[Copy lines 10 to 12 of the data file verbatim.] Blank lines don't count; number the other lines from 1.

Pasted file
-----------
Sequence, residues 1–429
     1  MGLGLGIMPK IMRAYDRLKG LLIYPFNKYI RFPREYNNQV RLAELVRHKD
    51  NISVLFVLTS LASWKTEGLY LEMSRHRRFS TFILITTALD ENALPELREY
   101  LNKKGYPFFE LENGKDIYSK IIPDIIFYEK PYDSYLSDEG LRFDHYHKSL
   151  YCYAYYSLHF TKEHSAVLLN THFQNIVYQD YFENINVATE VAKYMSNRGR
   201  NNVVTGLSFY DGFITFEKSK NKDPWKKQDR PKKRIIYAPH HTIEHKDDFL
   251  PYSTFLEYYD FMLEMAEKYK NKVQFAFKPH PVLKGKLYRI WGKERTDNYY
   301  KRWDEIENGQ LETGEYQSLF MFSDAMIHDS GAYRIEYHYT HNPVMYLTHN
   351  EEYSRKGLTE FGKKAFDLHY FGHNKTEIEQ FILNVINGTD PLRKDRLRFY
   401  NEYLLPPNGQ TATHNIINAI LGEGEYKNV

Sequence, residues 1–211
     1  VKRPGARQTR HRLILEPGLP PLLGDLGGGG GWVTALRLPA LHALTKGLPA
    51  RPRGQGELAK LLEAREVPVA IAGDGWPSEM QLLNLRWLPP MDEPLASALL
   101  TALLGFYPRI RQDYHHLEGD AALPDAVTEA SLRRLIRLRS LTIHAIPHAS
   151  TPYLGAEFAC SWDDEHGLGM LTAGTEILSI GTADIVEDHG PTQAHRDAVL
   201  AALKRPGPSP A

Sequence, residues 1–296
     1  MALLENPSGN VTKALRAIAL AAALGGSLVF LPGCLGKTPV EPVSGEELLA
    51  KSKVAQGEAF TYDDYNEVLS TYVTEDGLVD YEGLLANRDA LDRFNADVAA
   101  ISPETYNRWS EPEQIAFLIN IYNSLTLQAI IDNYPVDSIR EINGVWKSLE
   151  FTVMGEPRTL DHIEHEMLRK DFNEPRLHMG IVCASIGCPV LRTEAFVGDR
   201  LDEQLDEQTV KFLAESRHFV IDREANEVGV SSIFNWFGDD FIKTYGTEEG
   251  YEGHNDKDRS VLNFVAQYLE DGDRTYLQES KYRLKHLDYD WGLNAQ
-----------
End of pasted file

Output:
   401  NEYLLPPNGQ TATHNIINAI LGEGEYKNV

Sequence, residues 1–211
     1  VKRPGARQTR HRLILEPGLP PLLGDLGGGG GWVTALRLPA LHALTKGLPA